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Australia hosts its largest ever international naval drill

Kakadu naval drill largest ever
Ships sail in formation during the 2018 edition of exercise Kakadu. Photo: Royal Australian Navy

The Royal Australian Navy is expecting this year’s edition of its regular naval maneuver to be the largest international maritime engagement activity hosted by the service ever.

Exercise Kakadu has grown significantly since it began in 1993 with the involvement of four navies, 15 ships and submarines, and 2000 personnel.

The depth and history of the exercise was explored during the Sea Power 2022 conference in Sydney this week.

Opening the Kakadu Conference, which was part of the King-Hall Naval History program, session host Director General Digital Capability, Commodore Andrew Willis, stressed the importance of the defense department continuing to invest in international relationships.

“Exercise Kakadu was being conceptualized in the early Nineties, when geopolitics and natural disasters presented complex challenges, as they continue to do today,” Commodore Willis said.

“Kakadu was conceptualised in the spirit of constructive diplomacy, with a genuine need for developing naval forces capable of cooperating and responding to our respective national needs.”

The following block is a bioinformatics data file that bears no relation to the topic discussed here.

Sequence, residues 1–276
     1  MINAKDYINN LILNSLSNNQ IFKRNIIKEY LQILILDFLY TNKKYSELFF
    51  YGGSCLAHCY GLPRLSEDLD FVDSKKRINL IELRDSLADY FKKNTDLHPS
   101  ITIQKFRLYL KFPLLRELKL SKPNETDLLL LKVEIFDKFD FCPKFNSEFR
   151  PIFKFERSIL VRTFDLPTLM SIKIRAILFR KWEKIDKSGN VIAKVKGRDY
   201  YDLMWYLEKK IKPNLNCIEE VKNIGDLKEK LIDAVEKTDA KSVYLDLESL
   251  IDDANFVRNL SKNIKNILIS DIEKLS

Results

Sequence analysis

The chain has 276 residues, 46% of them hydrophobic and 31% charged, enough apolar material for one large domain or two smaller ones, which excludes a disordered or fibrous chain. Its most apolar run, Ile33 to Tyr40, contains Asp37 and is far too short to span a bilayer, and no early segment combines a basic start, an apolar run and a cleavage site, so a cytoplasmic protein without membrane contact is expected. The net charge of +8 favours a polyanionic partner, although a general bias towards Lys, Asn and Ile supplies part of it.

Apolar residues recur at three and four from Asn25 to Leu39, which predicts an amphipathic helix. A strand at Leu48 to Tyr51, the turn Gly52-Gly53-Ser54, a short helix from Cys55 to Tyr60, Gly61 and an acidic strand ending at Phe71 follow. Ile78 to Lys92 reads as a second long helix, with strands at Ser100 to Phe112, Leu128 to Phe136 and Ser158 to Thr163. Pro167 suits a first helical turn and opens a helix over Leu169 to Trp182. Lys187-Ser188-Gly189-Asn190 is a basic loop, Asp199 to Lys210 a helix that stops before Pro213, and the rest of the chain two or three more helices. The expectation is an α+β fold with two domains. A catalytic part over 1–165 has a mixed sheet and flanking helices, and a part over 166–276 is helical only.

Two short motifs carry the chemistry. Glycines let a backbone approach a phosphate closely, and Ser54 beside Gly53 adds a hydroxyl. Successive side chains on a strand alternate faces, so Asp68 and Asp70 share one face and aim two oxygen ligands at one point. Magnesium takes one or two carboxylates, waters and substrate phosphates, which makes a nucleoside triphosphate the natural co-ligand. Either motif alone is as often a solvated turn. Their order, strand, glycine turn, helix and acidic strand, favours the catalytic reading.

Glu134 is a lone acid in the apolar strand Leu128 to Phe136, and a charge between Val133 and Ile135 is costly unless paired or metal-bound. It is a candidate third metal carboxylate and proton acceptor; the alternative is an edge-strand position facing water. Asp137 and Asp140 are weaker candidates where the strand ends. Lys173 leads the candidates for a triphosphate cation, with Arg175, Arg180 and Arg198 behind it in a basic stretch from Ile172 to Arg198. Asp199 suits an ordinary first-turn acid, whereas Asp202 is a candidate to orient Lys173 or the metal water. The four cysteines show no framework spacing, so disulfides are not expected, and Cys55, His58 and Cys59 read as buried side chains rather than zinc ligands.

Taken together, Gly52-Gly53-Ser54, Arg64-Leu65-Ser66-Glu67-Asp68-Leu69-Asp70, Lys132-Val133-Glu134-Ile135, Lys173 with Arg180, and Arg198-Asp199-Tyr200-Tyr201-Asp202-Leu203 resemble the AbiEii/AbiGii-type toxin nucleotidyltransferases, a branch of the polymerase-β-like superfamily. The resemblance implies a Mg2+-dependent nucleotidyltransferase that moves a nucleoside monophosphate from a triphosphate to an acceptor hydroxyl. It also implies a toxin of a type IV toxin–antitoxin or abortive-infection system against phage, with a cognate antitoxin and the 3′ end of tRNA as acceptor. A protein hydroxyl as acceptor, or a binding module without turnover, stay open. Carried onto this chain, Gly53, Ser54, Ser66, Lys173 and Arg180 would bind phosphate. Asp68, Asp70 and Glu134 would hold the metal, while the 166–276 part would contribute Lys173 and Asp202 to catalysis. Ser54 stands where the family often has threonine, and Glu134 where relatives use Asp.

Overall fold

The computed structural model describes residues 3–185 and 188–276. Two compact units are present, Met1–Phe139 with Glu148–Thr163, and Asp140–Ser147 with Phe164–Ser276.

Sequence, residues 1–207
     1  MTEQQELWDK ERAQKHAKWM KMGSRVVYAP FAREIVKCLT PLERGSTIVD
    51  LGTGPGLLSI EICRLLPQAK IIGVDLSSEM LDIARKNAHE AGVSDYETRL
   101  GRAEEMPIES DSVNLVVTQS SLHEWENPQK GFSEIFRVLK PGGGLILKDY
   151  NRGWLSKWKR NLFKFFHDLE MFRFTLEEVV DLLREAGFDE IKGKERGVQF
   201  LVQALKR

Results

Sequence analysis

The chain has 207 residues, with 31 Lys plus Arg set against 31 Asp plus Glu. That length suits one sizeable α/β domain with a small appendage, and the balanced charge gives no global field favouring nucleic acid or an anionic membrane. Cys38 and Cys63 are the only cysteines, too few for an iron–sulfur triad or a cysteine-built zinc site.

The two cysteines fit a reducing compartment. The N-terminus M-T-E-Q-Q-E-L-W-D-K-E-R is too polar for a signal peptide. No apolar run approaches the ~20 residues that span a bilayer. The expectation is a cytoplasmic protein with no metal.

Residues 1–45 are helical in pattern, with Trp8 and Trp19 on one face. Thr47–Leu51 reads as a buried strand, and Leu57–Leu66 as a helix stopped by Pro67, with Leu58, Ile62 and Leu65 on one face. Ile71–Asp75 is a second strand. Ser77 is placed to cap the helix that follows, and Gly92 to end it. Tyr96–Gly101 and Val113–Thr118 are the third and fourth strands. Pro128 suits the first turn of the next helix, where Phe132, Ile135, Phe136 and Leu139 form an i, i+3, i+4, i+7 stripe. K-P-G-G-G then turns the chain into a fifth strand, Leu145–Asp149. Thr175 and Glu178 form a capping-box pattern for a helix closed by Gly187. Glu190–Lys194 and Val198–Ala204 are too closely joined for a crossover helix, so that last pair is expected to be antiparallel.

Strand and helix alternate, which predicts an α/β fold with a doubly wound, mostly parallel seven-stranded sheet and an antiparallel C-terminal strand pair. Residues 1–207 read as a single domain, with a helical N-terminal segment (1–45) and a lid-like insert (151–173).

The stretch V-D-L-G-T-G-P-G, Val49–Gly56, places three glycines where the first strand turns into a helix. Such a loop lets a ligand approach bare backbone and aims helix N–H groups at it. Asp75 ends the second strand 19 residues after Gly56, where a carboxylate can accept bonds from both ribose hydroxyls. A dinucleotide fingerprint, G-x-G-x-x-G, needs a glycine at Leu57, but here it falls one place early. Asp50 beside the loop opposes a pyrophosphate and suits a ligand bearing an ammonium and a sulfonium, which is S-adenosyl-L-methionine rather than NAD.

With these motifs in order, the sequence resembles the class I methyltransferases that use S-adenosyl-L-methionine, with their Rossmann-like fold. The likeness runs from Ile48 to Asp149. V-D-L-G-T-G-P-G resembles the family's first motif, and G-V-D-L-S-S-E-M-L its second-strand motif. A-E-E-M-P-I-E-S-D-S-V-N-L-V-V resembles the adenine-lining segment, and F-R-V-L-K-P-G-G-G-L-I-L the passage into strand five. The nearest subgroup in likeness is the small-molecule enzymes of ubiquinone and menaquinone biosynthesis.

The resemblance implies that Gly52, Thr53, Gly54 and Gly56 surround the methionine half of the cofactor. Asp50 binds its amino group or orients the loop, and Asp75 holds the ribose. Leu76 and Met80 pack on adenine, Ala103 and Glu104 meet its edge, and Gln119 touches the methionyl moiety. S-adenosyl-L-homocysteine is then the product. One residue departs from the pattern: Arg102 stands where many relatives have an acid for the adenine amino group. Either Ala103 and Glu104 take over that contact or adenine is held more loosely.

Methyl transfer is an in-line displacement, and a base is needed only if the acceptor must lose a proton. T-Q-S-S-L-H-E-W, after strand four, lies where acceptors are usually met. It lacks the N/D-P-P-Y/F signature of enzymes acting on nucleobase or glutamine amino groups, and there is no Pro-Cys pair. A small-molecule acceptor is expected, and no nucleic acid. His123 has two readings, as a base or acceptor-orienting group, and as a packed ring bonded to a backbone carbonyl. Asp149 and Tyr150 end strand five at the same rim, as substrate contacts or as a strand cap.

When it began, exercise Kakadu highlighted a change in the navy’s focus as it was the first time an exercise sought to develop regional interoperability and cooperation, instead of a posture, in defense of Australia.

Through cooperation and partnerships, exercise Kakadu supports Australia’s mutual security and alliance obligations and interests.

Keynote speakers from the Royal Malaysian Navy and the Royal Thai Navy echoed this sentiment and reflected on their respective country’s involvement across many years of Exercise Kakadu.

Deputy Director, Policy and Strategy Division at the Naval Operations Department, Royal Thai Navy Captain Chalermwut Boonchan, said how valuable the exercise was for his nation.

“Kakadu has paved the way for us, as a Navy, for our growth, capability and our partnerships,” Captain Boonchan said.

“It enables us to operate at a high level of readiness.

“The training and knowledge gained from Kakadu provides lessons we can incorporate into our exercises, such as Cobra Gold.”

Captain Ivan Mario, from the Royal Malaysian Navy, said multinational exercises enabled nations to train with a unified command.

“Our participation in Kakadu provides a unity of purpose and provides a strong message of deterrence to non-traditional threats,” Captain Mario said.

Exercise Kakadu is one of Australia’s premier bilateral and multilateral engagement activities and provides greater and more effective military cooperation in the region.

In the past 30 years Australia has seen participation from the following nations; Singapore, New Zealand, Thailand, Malaysia, Indonesia, Papua New Guinea, Philippines, Japan, South Korea, France (New Caledonia), India, Pakistan, Brunei, Timor-Leste, Tonga, Hong Kong (United Kingdom), Canada, Bangladesh, Cambodia, Vietnam, Fiji, United States of America, United Arab Emirates, Cook Islands, Sri Lanka, Chile, China and Vanuatu.